• Best City for Young Professionals

    City Award - Best City for Young Professionals. Des Moines tops the list for the Best City for Young Professionals. Factors such as local unemployment rates, job growth projections and median salaries of 24 - 34 year old employed college grads.

    News

    More Info

  • #1 Up-and-Coming Downtown

    Fortune magazine names Des Moines number one "up-and-coming" downtown.

    News

    More Info

  • One of the Best Places for Business and Careers

    Forbes magazine has recognized Des Moines as one of the best places for business and careers in their 2014 rating of communities. This includes cost of doing business, job growth, and education as factors.

    News

    More Info

  • Welcome to the City of Des Moines

    A major center for insurance, financial services and publishing, Des Moines has a lot to offer, such as affordable housing, short commute times, a diverse population, and was also recently named one of the best places to live on the Silicon Prairie.

    News

    More Info

  • Spotlight on Des Moines

    Gray's Lake Park features the 1,400 foot-long Kruidenier Trail pedestrian bridge and a 1.9 mile trail around the lake. "...Residents can walk, bike, boat or fish -- right in the very heart of downtown," said Des Moines Mayor Frank Cownie.

    News

    View Article

  • Re-Discover the Coolest Place in Town: Your Library!

    Check out what's going on at your library.

    News

    August What's Happening

  • Iowa State Capitol

    The Iowa State Capitol is among the most beautiful state capitols in the country with its 275-foot, 23-karat gold leafed dome anchoring the east end of downtown Des Moines.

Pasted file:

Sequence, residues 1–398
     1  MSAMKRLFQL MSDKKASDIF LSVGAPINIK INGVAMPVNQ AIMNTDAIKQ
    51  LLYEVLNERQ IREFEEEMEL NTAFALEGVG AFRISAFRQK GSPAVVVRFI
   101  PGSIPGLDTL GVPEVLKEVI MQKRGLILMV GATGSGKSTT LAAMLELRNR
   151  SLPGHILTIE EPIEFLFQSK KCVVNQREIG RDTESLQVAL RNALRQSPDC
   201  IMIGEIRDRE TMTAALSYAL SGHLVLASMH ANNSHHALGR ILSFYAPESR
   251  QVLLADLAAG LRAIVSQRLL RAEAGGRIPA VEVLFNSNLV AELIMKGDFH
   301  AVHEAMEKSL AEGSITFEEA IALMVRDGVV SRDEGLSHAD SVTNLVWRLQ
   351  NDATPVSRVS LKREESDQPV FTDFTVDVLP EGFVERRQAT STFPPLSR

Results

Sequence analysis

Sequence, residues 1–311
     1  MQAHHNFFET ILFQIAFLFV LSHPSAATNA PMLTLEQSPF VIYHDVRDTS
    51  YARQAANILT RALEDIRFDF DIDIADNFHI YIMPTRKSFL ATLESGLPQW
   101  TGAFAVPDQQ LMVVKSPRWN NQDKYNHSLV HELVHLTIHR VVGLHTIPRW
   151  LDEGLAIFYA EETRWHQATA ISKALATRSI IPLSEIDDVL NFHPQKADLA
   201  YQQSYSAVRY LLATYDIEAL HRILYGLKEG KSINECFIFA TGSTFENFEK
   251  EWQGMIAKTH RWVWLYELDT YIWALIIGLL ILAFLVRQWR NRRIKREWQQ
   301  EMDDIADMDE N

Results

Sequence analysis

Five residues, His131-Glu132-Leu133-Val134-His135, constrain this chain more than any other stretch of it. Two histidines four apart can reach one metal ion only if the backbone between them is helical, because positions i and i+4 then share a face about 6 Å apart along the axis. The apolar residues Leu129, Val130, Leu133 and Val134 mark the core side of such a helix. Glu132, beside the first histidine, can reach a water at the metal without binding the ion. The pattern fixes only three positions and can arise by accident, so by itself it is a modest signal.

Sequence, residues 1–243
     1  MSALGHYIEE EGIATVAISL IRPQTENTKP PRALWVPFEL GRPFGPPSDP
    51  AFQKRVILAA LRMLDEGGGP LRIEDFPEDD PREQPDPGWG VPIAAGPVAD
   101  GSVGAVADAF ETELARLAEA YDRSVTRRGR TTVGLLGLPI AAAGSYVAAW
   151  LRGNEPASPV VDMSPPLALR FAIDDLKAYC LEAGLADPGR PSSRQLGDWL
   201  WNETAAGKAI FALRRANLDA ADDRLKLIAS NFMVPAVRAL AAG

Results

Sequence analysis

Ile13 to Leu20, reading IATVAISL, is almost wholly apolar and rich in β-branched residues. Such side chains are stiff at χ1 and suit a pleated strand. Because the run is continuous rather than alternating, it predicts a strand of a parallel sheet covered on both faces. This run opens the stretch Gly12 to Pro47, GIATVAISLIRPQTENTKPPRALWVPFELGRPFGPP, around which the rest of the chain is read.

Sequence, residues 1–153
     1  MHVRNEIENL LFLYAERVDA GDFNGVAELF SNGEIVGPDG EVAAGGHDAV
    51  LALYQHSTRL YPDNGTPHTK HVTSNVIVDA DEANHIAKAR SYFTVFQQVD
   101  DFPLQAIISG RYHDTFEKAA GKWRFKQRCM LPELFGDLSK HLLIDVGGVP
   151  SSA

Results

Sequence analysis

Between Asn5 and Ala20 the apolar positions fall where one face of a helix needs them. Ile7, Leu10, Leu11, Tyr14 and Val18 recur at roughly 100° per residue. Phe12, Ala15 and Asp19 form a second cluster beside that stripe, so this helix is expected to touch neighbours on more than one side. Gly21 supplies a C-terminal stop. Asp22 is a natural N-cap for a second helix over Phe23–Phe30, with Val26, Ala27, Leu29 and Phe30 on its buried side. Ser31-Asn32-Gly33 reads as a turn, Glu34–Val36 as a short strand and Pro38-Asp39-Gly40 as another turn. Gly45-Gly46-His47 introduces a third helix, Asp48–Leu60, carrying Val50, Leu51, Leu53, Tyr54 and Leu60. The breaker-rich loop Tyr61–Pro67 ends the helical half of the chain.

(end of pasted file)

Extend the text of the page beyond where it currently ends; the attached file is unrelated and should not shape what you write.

News

    More Info

  • East Village

    Historic East Village is an eclectic neighborhood of restored historic properties, beautiful streetscapes, and urban living at the foot of the State Capitol.

    News

    More Info

  • World Food Prize

    Des Moines is home to the World Food Prize the foremost international award recognizing the achievements in advancing human development by improving the quality, quantity or availability of food in the world.

    News

    More Info

Excess Property Sales Types

 

Excess Land Overview 

The City of Des Moines owns individual parcels of land and right-of-way, which are needed for a many municipal purposes, such as municipal buildings, streets, alleys, airport, parks, urban renewal and storm water management. When a parcel of land is no longer needed for municipal purposes, the City classifies the parcel as "Excess Land" and attempts to sell it. The sale of excess land provides an opportunity for the City to generate revenue from the sales price, as well as increasing the tax base. Future maintenance costs and liability are also eliminated when excess land is sold. Excess land sales are categorized as either "Project Related" or "Non-Project Related" for accounting and maintenance purposes.

 

Project Related Sales 

Project Related sales are defined as the sale of parcels that were acquired as part of a specific public improvement or urban renewal project, or parcels that are identified and negotiated for sale or exchange as part of property acquisition requirements for the project. The proceeds derived from the sale of Project Related parcels are deposited back into the appropriate Capital Improvements or Operating Budget program accounts, which are used to offset the original land acquisition cost and to support the ongoing goals of that project. Many Project Related parcels were also originally purchased with state and/or federal funding, and those funding guidelines require the City to return any land sale proceeds back to the project.

 

Non-Project Related Sales

Non-Project Related sales are defined as the sale of parcels that are owned by the City, but were not acquired with project related funds. Most of the City's Non-Project Related parcels are street and alley right-of-ways that were dedicated by platting. Some of these dedicated street and alley right-of-ways were never paved and have no anticipated or known future public need. Other street and alley right-of-ways were used at one time, but are no longer needed for public purposes.

 

Property Maintenance Endowment Fund 

The proceeds derived from the sale of Non-Project Related parcels are deposited into the Property Maintenance Endowment Fund.  The purpose of the endowment fund is to provide financial support for ongoing property maintenance costs for Non-Project related excess land, other City-owned property and emergency needs.